Purpose of review
Successful treatment of patients with hospital-acquired pneumonia (HAP) and ventilator-associated pneumonia (VAP) remains a difficult and complex undertaking. Better knowledge of the pathogens involved in that setting may allow reassessment of our current modalities of therapy and definition of better protocols.
Microorganisms responsible for HAP/VAP differ according to geographic areas, ICU patients’ specific characteristics, durations of hospital and ICU stays before onset of the disease, and risk factors for MDR pathogens. However, a number of studies have shown that Gram-negative bacilli (GNB) – particularly Pseudomonas aeruginosa and Enterobacteriaceae – cause many of the respiratory infections in this setting, with minimal differences between HAP and VAP, indicating that the cause depends more on the underlying clinical condition of patients rather than previous intubation.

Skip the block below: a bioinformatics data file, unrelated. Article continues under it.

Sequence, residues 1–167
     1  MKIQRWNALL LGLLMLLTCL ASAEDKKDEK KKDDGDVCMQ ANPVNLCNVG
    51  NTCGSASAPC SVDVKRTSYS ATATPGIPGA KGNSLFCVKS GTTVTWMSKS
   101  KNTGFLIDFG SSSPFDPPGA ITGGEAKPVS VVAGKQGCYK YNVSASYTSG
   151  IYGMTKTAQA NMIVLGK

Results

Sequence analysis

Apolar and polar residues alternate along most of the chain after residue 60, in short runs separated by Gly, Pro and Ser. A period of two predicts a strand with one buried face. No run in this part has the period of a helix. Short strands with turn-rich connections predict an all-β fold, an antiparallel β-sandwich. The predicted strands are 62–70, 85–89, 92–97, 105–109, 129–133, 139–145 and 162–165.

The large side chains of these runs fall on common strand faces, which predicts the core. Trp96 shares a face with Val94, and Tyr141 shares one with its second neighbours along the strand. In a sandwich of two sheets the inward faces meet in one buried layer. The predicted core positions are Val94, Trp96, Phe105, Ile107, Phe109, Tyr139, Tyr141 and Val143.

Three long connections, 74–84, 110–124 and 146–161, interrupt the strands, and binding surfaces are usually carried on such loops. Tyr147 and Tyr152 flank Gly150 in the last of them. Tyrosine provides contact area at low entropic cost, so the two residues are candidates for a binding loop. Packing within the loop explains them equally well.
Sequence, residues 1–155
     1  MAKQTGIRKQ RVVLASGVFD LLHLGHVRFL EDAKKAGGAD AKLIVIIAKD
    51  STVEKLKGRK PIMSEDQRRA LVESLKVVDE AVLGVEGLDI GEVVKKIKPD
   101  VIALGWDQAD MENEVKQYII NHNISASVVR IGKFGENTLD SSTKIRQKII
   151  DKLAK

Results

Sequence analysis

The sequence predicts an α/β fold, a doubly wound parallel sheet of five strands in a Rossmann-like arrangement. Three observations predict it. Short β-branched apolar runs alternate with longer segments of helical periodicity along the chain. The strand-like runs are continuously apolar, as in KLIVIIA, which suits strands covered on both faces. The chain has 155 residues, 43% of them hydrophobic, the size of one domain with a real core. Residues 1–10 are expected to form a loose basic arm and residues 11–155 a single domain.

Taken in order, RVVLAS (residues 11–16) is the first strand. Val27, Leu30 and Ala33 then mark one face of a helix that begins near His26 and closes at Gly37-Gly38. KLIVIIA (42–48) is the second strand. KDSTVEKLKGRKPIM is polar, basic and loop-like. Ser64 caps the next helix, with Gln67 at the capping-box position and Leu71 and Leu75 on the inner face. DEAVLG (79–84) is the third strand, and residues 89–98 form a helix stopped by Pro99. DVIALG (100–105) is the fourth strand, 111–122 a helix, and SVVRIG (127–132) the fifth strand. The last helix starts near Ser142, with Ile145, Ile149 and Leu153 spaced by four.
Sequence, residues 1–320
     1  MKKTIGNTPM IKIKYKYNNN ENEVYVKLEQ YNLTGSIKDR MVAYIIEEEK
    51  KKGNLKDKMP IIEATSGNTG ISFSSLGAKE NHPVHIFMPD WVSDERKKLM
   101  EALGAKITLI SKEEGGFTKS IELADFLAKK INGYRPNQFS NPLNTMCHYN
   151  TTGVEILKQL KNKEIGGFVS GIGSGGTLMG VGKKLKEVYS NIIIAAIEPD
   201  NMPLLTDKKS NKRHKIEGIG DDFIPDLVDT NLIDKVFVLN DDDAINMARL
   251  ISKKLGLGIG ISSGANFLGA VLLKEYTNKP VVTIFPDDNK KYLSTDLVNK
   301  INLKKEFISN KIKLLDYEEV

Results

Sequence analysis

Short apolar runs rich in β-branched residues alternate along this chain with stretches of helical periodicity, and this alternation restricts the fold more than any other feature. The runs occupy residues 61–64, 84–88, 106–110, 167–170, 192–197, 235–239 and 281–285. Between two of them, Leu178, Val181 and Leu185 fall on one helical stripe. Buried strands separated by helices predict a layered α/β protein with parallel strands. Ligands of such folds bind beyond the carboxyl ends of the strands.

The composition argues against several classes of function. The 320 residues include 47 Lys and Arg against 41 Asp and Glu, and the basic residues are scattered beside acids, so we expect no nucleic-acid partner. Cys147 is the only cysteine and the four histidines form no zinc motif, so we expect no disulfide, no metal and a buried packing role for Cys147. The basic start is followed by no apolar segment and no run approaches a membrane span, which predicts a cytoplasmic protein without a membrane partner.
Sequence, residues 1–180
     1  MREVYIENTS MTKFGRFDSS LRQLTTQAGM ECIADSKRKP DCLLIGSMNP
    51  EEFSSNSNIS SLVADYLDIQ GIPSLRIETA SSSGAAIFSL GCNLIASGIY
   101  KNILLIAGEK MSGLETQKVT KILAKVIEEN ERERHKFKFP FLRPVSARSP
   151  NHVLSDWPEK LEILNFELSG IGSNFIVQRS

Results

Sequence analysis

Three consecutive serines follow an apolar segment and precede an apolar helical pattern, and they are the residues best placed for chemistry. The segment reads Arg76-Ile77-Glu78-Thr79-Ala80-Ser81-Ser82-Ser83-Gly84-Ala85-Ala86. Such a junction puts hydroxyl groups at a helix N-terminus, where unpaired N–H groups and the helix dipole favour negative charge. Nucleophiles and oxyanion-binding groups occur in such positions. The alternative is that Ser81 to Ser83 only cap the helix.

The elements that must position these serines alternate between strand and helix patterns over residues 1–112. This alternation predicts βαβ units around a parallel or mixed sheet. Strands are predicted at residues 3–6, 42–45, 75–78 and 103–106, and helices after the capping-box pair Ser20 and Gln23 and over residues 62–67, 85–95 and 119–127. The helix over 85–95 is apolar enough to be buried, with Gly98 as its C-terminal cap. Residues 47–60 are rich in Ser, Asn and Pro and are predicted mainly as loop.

When selecting initial antimicrobial therapy in patients with HAP/VAP, more attention should be paid to individual risk factors for MDR pathogens, severity of the clinical situation, and the local epidemiology than to the type of pneumonia.